In 2013 the national register for importers of semen included 4 importers of semen with 19 notifications for imports of 66, 948 doses from 163 bulls from 16 breeds (MinAg Annual Report 2014).

Reportedly, not all importers perform the duty to register imports properly, especially those who import semen from the EU market. There are about 12-15 importers of animal genetics on the market. In 2014 a new importer launched its business representing DOVEA Ireland, beef genetics from the Hereford, Aberdeen Angus and Limousine breeds. Competition is tight and despite the trend for increased demand for better quality product, the market is generally very price sensitive.

Market reports indicate that private importers sell about 150,000 to 160,000 doses annually while the government Agency for Selection and Breeding in Animal Husbandry (ASBAH) accounts for another 70,000+ doses. Market players estimate the current size of the market at about 230 - 250,000 doses. While private players have sharply increased their market shares to about 70-75% compared to 50% in 2012, the ASBAH reduced its share to 25%-30%. It is likely that this trend will be preserved in the future with more opportunities for growth in imports both in terms of higher quality (in value) and in terms of the number of doses, even if there is no expansion of the dairy herd, due to the declining share of locally produced and sold semen.

It is estimated, that over the last 2 years ASBAH has sold about 160,000 doses from the national genetics resources. As of today, the agency has not published any official data about its sales in 2014. In 2012, the sales were 78,987 doses compared to 86,000 doses in 2011 and 84,000 doses in 2010. In 2013, the ASBAH sold 76,337 semen doses or 2,650 doses less compared to 2012 (MinAg Annual Report 2014).

Over the last 2 years, demand for Holsteins stayed high and farmers were looking for better quality semen from top bulls. Due to the dominant role of the dairy sector vs. meat/beef sector, the demand for quality genetics of Holstein breed over other breeds prevailed. Other dairy breeds which enjoy an increasing demand are Brown Swiss, Simmentals and Monbeliards.

Regarding beef breeds, demand is the highest for Limousine and Angus breeds as the demand has doubled for the last three years. Although beef farming is still at the emerging stage, over the last 3 years the annual growth in the number of beef cows has been double digit, and recorded a 24% increase at the end of 2014 compared to 2013 (50,000 beef cows).

According to trade sources, the breed structure of the national dairy herd is as follows: Holstein (70%); Brown Swiss (25%); and Simmental; Monbeliard, Jersey and other below 2% each.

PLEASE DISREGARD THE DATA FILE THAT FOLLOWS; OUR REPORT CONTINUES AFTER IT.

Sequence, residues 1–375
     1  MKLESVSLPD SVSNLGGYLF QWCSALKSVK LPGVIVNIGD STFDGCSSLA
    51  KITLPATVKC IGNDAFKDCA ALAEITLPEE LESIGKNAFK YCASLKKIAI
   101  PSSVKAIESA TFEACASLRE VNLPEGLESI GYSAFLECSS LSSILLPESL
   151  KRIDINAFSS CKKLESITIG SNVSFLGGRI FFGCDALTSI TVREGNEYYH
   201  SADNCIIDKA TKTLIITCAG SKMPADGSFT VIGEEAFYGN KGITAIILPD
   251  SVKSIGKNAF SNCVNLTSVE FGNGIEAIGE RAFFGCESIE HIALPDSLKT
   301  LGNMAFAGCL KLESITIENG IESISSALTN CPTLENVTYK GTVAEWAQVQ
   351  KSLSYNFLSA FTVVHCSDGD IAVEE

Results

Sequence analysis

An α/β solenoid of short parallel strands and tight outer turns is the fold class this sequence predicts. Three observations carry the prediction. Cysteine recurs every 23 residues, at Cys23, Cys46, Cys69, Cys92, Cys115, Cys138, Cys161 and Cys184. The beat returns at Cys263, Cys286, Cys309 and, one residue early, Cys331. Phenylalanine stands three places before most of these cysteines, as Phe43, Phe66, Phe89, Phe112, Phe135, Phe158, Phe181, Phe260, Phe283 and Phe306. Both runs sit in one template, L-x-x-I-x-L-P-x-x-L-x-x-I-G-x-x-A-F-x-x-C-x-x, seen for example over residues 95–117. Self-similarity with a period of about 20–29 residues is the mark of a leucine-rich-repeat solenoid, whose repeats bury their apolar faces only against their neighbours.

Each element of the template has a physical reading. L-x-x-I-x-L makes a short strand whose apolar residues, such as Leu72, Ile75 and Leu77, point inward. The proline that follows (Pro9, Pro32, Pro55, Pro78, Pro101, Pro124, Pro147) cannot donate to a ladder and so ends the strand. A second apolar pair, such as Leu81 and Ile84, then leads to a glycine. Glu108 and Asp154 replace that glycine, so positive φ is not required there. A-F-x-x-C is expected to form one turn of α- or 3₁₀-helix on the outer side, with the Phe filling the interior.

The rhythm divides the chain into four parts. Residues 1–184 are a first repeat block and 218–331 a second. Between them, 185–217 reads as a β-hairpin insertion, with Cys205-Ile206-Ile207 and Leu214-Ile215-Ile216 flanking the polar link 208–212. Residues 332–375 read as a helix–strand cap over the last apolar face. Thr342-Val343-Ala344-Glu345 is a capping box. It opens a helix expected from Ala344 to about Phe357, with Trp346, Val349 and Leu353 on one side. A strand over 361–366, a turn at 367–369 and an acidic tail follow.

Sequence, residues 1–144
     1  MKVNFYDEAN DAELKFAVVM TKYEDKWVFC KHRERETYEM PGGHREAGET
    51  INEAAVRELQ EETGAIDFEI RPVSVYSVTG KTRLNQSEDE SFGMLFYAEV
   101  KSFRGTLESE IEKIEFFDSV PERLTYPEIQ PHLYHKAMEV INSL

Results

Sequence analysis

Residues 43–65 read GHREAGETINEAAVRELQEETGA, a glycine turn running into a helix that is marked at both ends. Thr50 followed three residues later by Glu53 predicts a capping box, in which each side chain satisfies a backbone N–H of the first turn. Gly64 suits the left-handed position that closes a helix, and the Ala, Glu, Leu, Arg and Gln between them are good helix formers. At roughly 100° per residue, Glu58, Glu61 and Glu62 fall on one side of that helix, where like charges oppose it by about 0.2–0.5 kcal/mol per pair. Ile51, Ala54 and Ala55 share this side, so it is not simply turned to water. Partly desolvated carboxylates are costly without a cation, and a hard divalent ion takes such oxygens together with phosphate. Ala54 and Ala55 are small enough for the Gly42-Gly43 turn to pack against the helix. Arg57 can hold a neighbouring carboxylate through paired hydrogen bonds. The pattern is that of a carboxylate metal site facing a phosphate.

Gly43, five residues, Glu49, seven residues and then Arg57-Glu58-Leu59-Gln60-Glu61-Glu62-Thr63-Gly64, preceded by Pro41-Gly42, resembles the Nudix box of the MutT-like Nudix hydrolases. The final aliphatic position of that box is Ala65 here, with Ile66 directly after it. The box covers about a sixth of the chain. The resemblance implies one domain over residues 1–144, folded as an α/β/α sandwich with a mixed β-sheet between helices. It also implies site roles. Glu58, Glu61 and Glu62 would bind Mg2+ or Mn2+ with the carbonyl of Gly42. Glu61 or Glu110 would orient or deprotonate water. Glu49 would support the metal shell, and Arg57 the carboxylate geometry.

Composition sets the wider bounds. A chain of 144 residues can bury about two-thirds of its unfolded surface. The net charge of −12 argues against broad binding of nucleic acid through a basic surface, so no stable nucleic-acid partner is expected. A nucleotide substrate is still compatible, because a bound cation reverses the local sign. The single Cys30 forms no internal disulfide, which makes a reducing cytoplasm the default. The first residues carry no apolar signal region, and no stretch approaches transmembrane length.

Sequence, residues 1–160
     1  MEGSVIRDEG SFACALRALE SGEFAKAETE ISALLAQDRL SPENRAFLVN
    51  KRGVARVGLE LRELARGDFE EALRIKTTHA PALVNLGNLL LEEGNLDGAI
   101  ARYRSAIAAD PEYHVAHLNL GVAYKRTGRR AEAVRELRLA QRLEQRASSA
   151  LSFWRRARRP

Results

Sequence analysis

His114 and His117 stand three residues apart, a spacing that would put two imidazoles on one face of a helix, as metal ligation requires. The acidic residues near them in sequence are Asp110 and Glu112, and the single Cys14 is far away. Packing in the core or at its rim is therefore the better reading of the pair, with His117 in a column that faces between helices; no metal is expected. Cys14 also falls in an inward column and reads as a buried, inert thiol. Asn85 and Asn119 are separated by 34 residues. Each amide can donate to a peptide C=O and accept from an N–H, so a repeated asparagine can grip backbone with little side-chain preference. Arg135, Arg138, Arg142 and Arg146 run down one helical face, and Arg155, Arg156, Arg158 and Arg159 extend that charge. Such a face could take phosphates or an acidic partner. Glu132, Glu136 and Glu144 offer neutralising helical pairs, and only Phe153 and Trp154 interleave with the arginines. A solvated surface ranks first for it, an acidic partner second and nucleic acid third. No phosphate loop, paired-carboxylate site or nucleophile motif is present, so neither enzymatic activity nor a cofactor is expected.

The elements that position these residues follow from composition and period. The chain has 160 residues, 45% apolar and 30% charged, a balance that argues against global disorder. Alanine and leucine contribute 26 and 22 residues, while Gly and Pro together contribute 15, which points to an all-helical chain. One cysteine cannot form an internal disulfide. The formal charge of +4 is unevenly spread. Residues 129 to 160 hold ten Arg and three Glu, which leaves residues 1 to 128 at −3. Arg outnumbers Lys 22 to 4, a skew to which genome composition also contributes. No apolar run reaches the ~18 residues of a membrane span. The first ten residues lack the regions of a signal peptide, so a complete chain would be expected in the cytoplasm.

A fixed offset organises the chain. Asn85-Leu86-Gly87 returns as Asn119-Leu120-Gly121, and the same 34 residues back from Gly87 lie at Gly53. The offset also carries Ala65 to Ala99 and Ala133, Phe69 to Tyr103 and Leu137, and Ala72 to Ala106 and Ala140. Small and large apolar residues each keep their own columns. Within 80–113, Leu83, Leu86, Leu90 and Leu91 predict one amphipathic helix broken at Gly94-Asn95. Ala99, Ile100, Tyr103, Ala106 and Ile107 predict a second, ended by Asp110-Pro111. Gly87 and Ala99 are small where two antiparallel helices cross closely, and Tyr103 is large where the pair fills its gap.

Animal Genetics Market Stakeholders

Genetic Resources Council – The National Genetic Resources Council which was established in January 2011 based on Animal Husbandry Act art.18а 3. The Council includes all Breeding Associations and plays a role of a consultative body to the Minister of Agriculture. It has the duty to expand the number of animals under selection/breeding control, and should take active part in formulating policies, projects and initiatives in the area of genetics resources. The Council works in close coordination with ASRAH. The last public data shows that between 2009 and 2013, the number of cattle under breeding programs increased 52% (52,000 animals at the end of 2013), and for other types of animals, this growth varied from 6% for swine to 23% for sheep. Since 2013, the ASBAH has maintained an information database about the status of genetic resources based on EFABIS of the European regional focal point which in turn is connected with DAD-IS system of FAO.

National Gene Bank – The ASRAH manages the National Gene Bank in Sofia and Sliven. In these two locations, the semen stocks (as of the end of 2013) total 3,117,872 doses of frozen semen from 287 bulls of 21 cattle breeds and 3 buffalo breeds. The ASRAH has two artificial insemination stations. In 2013, it produced total 50,698 doses of semen, or 5,988 more compared to the previous year (MinAg Annual Report 2014).

Reproduction activities at ASRAH are carried out by 18 licensed Centers of semen storage as 11 of them have portable lines. The ASBAH works with 525 staff -inseminators. The Agency also offers trainings for inseminators (7 courses for 30 inseminators in 2013).

Per market reports, genetics stocks from the Gene Bank are old and of questionable quality. The semen is reportedly in granules which sales are allegedly banned by international rules. Doses from the gene bank can be sold free on the market based on the breeding plans of Breeding Associations and can be distributed and sold by the ASBAH regional offices. This practice is seriously affecting private importers. They have to compete with the government which sells semen at extremely low prices. In addition, private importers are controlled by the same Agency/ASRAH, which is also a competitor with importers.